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Snap it? 1930s/1040s era valentine courtesy

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  1. I think a torpedo that is fired quickly is called a “snap-shot”.

    From Wikipedia:

    In submarines, a snap shot is a torpedo fired rapidly back down the bearing of an incoming torpedo, without taking the time to set up a fire control solution.

    So, the valentine is inviting the recipient to give themselves over without thinking too much!

    Typical sailors…

  2. I don’t really have a great idea of what “Snap It” means here, but in handgun field manuals (for M1911A1 FM 23-35, 1940), to “snap” a handgun was parlance for dry firing it. “Snapping” was recommended as trigger control practice.

    pg 11-12:
    “The hammer should not be snapped when the pistol is
    partially disassembled.”

    pg 25:
    “c. Always point the pistol up when snapping it after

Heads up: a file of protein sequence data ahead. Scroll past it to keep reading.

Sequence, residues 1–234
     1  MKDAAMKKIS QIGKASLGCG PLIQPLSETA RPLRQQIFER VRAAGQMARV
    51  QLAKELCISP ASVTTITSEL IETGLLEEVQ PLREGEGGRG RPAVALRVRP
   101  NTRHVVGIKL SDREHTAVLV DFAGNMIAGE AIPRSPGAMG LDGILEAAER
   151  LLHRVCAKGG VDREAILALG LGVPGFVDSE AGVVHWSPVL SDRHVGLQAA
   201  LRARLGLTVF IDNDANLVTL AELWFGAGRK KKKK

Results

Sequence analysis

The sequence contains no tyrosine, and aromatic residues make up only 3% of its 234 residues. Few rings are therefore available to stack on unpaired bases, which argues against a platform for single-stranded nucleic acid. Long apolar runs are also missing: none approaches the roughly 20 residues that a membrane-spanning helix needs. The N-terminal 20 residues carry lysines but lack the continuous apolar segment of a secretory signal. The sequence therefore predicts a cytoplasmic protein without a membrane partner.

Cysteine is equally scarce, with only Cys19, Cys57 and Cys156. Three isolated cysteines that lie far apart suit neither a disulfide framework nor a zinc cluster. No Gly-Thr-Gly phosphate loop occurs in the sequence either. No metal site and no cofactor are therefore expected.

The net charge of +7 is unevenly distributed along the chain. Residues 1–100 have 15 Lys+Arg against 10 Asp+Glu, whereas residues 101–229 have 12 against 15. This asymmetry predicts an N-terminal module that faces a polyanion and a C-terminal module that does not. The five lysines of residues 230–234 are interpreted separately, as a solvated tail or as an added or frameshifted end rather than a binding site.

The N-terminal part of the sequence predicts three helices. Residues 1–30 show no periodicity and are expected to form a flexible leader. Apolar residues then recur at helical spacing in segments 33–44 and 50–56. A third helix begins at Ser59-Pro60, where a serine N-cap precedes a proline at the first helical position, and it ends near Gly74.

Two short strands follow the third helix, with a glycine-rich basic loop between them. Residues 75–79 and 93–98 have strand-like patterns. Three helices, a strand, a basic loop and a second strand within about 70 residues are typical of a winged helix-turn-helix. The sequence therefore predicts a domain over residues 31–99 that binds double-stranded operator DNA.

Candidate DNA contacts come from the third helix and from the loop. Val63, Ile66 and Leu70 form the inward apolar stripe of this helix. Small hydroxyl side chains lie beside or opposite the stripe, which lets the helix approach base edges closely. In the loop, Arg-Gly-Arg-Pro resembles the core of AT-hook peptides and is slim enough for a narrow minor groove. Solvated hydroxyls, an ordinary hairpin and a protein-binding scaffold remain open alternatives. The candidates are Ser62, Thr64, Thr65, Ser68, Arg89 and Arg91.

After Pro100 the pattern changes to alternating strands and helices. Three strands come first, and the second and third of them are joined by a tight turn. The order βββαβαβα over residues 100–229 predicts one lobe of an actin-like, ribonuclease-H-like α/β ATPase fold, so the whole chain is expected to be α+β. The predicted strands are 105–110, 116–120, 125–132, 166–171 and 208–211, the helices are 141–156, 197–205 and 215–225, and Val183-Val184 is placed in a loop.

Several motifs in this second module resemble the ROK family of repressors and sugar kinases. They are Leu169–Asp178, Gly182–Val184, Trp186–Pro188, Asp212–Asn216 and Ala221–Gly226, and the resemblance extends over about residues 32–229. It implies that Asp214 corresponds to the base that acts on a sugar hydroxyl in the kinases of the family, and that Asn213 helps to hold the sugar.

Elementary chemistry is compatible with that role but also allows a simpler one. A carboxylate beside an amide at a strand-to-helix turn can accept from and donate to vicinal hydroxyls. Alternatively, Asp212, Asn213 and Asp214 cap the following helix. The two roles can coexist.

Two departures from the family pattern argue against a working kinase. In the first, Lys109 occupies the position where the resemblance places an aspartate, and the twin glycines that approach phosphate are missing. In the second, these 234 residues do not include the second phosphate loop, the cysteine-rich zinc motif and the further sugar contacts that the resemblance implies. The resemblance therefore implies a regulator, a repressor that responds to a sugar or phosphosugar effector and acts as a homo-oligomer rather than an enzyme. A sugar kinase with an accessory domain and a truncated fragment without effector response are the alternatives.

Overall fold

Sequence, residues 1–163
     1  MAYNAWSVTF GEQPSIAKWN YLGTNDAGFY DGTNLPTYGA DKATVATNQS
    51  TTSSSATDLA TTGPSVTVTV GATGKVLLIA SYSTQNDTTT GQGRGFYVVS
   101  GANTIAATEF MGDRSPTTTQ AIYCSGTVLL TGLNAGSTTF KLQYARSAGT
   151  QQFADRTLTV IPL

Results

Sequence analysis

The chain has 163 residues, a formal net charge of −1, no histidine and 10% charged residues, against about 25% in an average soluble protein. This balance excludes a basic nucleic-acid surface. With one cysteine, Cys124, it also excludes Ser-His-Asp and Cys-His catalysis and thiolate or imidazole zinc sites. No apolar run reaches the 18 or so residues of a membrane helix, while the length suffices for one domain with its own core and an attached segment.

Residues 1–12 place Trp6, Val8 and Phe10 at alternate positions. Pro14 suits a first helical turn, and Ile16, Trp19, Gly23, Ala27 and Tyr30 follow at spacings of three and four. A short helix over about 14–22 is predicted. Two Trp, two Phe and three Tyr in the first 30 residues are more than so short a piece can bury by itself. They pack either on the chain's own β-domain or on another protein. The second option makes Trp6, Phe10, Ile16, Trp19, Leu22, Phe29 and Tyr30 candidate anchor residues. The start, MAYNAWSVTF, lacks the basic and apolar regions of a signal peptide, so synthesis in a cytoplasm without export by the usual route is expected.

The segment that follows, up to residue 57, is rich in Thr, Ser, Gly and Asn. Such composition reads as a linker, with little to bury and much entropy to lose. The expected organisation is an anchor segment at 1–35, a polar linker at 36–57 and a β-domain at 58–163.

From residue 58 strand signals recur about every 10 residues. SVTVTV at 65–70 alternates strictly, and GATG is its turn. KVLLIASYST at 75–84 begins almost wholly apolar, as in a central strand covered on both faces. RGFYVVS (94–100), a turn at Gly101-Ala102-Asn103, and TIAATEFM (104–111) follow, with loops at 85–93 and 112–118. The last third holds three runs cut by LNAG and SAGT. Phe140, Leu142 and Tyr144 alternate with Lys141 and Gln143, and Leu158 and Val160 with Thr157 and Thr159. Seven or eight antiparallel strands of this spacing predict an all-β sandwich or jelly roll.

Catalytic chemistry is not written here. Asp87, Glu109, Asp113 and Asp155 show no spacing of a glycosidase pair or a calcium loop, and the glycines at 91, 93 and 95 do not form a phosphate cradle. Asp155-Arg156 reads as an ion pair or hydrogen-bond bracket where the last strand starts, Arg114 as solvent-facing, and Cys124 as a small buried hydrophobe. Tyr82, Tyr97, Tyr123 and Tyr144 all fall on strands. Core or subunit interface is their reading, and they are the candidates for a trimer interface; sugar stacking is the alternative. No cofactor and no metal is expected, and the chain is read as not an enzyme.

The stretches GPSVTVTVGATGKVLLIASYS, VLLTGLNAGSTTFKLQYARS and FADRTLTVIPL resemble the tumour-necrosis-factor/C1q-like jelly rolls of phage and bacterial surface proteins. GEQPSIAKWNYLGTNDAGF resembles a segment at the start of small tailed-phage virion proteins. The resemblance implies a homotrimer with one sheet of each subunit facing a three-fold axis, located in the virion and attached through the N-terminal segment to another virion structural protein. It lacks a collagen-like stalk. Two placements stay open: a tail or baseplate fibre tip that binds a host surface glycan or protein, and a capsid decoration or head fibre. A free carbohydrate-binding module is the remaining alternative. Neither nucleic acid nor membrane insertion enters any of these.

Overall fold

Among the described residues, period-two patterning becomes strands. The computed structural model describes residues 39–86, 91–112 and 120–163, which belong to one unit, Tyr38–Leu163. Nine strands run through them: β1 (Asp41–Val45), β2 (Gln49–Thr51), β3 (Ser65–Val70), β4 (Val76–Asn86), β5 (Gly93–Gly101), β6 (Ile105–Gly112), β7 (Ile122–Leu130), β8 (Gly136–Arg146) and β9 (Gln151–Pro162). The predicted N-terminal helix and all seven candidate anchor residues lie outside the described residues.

examination. Keep the hammer fully down when the pistol
    is not loaded.”

    “d. Never place the finger within the trigger guard until you
    intend to fire or to snap for practice.”

    “e. Never point the, pistol at anyone you do not intend, to
    shoot, nor in a, direction where an accidental discharge may
    do harm. On the range, do not snap for practice while
    standing back of the firing line.”

    Other places in this manual refer to executing maneuvers and exercises “with snap”, indicating “act with speed and precision”, but assuming this usage the directive “snap it” doesn’t make sense.

    My guess is that “snap it” on this card is a euphemism for an intimate act. “fiddle with my gun”, etc.

    An interesting tangent, Chapter 4 of FM 23-35 1940 provides instruction on proper use of the M1911A1 while riding a horse.


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